realistic in this light* 

Joesph C. Harsch, NBC Washington news analyst, to 
discuss the pros and cons of the so-called "preventa¬ 
tive war” philosophy, 

David Brinkley, NBC Washington TV News, to check on 
the state of Civilian Defense today in an effort to 
determine whether practical and feasible in light of 
bomb damage as we now know it. Two aspects to be 
thoroughly and specifically examined: the radar 
network screen and its effectiveness, and latest pro¬ 
gress in plans for evacuation of cities. 

NBC, New York City and Washington, D.C. 

-o- 


NBC-New York, 7/30/5^ 




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NBC TRADE NEWS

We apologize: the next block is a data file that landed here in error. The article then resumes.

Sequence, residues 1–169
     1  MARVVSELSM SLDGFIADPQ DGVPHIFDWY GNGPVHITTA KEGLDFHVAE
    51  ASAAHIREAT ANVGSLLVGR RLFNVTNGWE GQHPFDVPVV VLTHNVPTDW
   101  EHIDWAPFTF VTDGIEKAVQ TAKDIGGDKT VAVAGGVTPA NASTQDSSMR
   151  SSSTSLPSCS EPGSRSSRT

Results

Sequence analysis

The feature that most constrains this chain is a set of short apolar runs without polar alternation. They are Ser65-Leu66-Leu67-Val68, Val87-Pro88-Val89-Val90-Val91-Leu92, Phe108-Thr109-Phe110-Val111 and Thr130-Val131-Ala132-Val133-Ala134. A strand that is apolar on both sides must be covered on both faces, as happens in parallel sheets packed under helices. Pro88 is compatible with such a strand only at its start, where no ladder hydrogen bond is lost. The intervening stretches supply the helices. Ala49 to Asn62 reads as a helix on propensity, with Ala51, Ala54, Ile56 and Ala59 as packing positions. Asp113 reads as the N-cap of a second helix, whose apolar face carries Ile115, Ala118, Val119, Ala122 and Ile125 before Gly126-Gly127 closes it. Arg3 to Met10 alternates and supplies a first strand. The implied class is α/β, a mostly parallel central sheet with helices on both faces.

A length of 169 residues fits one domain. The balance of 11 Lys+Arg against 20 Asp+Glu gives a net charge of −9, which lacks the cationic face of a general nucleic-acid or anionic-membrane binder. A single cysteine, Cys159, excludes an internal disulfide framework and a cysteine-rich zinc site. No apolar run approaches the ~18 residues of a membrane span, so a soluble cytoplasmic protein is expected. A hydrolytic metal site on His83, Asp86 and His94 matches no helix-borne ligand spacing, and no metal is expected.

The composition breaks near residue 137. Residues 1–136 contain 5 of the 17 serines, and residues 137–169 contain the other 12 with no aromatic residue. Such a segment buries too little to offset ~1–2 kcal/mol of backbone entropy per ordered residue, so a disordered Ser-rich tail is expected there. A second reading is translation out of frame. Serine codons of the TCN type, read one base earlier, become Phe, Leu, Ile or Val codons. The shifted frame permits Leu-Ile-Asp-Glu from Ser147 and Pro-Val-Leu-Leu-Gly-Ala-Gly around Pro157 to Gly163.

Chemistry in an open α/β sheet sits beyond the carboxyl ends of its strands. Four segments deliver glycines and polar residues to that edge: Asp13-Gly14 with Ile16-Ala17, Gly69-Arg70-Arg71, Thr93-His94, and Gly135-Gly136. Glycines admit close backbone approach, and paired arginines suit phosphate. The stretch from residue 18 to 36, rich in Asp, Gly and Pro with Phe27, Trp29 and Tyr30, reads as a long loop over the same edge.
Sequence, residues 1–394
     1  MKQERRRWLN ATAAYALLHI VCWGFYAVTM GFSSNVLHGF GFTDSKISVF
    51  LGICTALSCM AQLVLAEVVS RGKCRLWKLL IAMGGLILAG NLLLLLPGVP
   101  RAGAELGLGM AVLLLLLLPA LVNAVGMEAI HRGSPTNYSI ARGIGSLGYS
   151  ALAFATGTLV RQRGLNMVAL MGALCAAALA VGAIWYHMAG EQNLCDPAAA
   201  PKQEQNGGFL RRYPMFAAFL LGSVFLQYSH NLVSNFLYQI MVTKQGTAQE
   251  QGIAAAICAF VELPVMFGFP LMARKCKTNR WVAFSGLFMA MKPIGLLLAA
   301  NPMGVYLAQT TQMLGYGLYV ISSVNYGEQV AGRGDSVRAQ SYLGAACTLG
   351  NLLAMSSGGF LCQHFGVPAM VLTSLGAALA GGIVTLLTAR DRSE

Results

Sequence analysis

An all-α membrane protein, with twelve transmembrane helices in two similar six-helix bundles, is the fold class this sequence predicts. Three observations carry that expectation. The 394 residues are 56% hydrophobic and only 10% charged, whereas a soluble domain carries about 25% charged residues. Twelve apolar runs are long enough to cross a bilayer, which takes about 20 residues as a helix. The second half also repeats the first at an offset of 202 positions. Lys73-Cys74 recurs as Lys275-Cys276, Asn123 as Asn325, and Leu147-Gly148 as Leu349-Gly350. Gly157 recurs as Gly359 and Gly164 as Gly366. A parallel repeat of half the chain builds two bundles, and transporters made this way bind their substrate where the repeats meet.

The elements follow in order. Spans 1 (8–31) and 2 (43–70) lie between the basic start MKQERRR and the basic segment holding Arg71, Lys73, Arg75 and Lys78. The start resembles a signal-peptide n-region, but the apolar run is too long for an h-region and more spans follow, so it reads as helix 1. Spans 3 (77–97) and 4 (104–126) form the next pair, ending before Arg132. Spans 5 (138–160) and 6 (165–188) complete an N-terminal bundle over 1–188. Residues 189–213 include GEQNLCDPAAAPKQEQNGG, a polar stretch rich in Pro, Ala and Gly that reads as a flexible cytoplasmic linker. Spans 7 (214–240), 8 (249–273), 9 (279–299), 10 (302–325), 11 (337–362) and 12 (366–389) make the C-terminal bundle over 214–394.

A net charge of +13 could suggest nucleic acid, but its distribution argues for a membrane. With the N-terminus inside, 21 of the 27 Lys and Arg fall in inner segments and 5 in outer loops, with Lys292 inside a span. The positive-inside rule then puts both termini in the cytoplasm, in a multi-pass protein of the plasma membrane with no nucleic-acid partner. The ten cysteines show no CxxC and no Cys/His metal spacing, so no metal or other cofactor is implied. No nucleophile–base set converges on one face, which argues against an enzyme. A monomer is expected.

IRA WOLFF JOINS NBC AS SALES PRESENTATION WRITER 
FOR TV SHOWS IN PARTICIPATION SALES PLAN 

Ira Wolff, formerly a copy writer for Dancer-Fitzgerald- 
Sample, Inc., has joined NBC as a sales presentation writer for 

II 

television shows sold under the participation sales plan** David 
Hedley, NBC-TV manager of sales presentations, said today. 

Before working for Dancer-Fitzgerald-Sample, Wolff for 
two years was with the U.S. Army Recruiting Publicity Center on 
Governor's Island, New York. Prior to that, he was assistant ad¬ 
vertising manager of the Brooklyn (N.Y.) Paint and Varnish Company. 
He was graduated from New York University with a bachelor of science 
degree, is single and lives in Brooklyn. 

NBC-TV has four shows being sold under the highly flexible 
participation sales plan — "Today," "Home," "The Pinky Lee Show" 
and the recently announced "Tonight" program. 

-o- 


NBC-New York, 7/30/54